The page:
In the past few years, there was a strong push by the users and railways sector to improve rail services in Europe. These requests were well received by the EU institutions, not least because of the still rising, and worrying environmental concerns, which brought the EU to adopt the Green Deal policy as a priority for the foreseeable future.
Transport is a vital sector, as it accounts for 25% of the EU’s total CO2 emissions!
Now, it isn’t possible, or imaginable asking people to stop moving. So, the solution to ease transport emissions must necessarily pass by a shift to rail transport, and in cities to public transport I guess.
The advantages of rail transport are pretty clear. First, it can accommodate all kinds of users, from holidaymakers to daily commuters, from businesses to freight transport.
Then it is much more sustainable than other types of transport. Indeed, it accounts for only 0.4 % of greenhouse gasses emissions from the whole EU transport sector. It is also the only transport means that between 1990-2017 has consistently reduced its emissions and energy consumption, while increasingly using renewable energy sources.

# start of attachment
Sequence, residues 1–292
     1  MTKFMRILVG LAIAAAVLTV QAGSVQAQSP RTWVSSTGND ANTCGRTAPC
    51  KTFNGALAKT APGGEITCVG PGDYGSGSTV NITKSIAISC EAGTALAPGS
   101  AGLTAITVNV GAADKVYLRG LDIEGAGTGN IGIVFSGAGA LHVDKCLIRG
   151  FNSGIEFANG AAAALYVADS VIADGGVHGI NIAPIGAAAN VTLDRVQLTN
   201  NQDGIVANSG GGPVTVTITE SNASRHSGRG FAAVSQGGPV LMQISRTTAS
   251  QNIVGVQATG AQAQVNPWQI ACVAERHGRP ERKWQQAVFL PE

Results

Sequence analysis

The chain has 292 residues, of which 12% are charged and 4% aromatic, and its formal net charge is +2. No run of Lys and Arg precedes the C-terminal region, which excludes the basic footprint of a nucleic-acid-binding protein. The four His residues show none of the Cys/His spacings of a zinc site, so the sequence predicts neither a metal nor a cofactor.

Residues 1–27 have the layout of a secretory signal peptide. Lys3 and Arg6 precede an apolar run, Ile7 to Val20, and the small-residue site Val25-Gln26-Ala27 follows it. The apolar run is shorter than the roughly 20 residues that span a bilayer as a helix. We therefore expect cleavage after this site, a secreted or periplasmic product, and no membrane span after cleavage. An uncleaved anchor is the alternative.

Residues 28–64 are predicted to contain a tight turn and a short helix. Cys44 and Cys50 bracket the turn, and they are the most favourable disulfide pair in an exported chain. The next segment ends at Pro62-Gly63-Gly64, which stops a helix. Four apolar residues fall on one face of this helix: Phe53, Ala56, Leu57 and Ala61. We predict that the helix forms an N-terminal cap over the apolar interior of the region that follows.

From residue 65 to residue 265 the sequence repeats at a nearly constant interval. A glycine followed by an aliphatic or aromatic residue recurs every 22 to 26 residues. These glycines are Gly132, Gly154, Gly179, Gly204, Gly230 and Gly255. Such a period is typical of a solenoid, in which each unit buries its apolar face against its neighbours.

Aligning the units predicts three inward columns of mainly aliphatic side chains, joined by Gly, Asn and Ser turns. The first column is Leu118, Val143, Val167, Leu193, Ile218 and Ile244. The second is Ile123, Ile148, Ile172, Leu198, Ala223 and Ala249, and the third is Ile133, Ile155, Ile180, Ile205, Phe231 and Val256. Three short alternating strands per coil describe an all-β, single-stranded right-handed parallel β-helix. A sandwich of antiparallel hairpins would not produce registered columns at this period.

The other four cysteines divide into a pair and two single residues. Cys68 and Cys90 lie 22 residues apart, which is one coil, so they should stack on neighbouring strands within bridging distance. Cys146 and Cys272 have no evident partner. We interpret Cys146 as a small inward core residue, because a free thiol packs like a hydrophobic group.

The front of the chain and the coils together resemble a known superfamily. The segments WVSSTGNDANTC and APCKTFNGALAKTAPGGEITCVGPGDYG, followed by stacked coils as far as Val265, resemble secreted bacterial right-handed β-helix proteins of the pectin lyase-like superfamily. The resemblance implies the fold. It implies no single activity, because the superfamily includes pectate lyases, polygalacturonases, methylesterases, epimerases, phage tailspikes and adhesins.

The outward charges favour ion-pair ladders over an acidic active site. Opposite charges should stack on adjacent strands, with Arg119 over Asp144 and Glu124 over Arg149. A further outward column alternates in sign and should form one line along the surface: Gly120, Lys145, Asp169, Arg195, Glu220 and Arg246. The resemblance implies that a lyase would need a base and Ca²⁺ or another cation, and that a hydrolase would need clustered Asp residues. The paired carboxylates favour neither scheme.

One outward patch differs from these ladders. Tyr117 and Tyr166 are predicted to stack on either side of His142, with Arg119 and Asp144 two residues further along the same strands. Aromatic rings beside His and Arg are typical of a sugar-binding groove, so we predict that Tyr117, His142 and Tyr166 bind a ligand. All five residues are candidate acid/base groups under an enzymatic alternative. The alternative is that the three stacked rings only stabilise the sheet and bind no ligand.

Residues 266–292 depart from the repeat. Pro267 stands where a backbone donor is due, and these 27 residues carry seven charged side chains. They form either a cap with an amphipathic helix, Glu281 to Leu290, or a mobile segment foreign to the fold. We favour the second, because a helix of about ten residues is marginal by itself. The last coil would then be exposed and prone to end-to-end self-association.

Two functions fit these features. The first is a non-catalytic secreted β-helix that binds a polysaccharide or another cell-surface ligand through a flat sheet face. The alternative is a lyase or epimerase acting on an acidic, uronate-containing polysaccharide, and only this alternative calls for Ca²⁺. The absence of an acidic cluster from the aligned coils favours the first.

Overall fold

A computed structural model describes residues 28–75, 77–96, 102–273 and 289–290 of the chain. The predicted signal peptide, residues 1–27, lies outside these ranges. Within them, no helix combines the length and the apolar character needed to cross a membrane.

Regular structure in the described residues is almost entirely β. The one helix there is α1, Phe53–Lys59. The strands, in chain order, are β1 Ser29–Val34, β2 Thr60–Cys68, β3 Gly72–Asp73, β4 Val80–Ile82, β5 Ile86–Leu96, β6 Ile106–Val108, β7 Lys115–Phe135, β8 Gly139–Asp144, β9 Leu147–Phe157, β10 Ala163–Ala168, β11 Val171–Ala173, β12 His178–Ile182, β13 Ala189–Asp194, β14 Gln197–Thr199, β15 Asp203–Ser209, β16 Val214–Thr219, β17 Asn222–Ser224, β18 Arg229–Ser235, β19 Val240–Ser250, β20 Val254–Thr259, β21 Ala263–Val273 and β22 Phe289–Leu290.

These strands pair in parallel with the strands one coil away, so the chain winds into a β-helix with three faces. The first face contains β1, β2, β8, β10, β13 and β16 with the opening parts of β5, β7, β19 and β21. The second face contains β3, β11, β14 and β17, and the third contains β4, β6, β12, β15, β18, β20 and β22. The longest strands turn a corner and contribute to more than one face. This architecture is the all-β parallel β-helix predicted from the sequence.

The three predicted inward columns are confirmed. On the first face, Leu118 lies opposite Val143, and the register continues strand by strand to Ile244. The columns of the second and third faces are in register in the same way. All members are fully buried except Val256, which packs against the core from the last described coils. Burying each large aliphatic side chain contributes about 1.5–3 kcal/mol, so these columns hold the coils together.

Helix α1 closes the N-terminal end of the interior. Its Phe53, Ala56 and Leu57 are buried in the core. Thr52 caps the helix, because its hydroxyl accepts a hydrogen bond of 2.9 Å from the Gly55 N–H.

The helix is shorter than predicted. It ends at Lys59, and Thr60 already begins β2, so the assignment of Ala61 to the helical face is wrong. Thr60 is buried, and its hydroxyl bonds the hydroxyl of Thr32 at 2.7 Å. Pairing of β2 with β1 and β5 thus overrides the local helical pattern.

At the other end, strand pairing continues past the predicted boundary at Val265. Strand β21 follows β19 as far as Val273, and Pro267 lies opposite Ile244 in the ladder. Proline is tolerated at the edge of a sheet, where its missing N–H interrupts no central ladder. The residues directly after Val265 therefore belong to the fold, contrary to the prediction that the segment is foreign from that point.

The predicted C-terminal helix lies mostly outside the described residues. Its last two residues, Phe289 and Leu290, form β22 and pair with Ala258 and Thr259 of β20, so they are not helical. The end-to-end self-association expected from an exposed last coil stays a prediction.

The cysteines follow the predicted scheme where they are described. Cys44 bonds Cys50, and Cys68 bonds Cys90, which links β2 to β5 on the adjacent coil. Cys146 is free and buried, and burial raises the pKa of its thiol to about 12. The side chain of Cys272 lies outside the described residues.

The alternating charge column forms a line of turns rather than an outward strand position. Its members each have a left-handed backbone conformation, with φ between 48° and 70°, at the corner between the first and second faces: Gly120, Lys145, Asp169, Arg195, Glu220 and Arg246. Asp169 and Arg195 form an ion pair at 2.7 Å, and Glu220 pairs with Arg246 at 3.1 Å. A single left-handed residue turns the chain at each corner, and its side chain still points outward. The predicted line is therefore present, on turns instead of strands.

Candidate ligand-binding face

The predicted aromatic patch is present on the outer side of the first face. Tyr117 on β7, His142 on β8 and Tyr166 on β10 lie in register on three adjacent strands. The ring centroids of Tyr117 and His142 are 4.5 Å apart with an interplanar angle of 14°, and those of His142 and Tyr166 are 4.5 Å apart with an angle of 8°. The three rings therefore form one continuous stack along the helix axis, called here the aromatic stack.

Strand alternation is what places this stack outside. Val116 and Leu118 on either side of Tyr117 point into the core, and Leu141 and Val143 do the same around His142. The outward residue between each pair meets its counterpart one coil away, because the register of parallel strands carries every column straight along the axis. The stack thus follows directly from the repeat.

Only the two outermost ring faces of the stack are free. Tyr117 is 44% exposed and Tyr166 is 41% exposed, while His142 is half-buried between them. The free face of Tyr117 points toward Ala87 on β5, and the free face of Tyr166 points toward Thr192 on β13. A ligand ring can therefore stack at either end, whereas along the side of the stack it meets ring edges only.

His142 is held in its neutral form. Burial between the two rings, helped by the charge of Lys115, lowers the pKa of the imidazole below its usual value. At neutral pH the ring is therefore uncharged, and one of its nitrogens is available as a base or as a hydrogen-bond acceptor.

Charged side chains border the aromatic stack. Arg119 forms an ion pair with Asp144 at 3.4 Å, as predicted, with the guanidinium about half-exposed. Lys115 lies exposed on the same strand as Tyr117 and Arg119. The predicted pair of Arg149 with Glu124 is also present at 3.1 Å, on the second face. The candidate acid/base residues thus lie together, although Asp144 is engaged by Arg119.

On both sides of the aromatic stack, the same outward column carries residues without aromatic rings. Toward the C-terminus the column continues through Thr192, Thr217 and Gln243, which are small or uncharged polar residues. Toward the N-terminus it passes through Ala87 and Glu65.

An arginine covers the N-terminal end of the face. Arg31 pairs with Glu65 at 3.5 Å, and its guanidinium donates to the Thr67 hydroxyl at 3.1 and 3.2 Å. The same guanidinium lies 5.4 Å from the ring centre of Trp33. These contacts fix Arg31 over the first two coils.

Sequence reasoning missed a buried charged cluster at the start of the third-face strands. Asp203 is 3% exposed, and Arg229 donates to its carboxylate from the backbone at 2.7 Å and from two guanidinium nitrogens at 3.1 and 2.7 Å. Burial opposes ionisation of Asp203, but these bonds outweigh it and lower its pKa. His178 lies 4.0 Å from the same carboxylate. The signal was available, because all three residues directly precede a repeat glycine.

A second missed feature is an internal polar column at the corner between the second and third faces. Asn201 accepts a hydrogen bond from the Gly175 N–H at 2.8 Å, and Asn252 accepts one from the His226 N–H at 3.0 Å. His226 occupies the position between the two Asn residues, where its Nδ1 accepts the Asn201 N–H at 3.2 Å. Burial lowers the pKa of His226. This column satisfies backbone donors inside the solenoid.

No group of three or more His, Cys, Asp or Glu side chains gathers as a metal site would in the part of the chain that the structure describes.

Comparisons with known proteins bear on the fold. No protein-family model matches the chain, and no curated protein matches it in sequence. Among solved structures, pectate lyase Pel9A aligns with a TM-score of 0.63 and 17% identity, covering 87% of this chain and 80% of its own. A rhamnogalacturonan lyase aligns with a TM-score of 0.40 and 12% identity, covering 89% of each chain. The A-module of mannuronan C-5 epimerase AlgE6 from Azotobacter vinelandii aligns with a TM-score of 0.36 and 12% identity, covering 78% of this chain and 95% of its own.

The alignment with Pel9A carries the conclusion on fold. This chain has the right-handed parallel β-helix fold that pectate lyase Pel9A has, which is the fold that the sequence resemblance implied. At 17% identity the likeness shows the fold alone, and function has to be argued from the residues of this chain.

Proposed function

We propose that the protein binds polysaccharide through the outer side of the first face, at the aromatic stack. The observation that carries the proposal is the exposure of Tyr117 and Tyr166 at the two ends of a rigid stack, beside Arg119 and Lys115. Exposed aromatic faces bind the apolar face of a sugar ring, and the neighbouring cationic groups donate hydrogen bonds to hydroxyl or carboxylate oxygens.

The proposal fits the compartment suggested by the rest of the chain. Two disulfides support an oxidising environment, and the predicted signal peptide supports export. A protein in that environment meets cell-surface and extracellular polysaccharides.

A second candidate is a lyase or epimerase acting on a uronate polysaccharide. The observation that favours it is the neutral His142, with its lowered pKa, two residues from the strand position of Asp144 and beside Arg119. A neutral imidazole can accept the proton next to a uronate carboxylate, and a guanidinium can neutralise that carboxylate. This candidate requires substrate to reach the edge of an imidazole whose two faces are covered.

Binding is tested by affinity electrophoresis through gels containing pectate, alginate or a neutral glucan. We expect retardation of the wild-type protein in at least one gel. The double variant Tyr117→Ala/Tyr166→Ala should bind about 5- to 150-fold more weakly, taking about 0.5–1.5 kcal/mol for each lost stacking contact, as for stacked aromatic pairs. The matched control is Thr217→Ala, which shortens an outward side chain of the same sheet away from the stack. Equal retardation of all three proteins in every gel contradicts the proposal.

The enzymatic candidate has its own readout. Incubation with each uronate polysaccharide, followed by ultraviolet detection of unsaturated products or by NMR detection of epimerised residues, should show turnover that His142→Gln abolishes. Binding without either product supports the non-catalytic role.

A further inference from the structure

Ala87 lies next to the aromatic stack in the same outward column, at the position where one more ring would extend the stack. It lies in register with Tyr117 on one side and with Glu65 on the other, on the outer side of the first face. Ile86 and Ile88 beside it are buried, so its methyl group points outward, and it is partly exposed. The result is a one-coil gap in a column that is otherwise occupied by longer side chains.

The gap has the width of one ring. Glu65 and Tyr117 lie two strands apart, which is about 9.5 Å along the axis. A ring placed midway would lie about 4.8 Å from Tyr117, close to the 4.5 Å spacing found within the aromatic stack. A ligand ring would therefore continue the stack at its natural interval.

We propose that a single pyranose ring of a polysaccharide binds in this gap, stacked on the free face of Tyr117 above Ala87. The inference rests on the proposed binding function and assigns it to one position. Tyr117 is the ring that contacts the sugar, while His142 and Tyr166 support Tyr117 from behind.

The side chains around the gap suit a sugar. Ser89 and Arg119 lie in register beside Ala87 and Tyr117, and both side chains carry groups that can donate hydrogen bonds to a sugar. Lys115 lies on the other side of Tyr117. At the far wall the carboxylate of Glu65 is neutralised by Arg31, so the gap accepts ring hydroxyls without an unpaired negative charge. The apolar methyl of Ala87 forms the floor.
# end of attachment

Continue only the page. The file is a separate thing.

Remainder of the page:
It all seems pretty easy. So why don’t we do it right away? Well, here is where it gets complicated, and where we encounter all the issues that are still afflicting the sector, especially if we think in terms of an efficient EU-wide railways system for both passengers and freight.
In this blog, day after day, in between the lines perhaps and without entering into technical details, I have tried to mention the important issues, depending on where we were and the examples I had in front of my eyes. Throughout the journey, I have tried to provide a simple wide picture of the sector, how it works, what are the issues, and the ongoing projects.
Infrastructures, capacity, cross border connections, missing links, data sharing, ticketing, affordability, signalling, high-speed, regional connections, gauges, freight terminals, rolling highways, last-mile connections, innovation, digitalisation… these are just a few of the keywords, each representing a piece of the puzzle of the railway system in Europe.
I am not a technical expert, but I understood that it is much more complex than one would imagine. It takes time, and investments, especially to build the necessary infrastructures. It takes commitment from the sector and policy-makers to cooperate and create the necessary common rules. And it takes will, from the people and businesses who have the possibility to choose the way they want to move.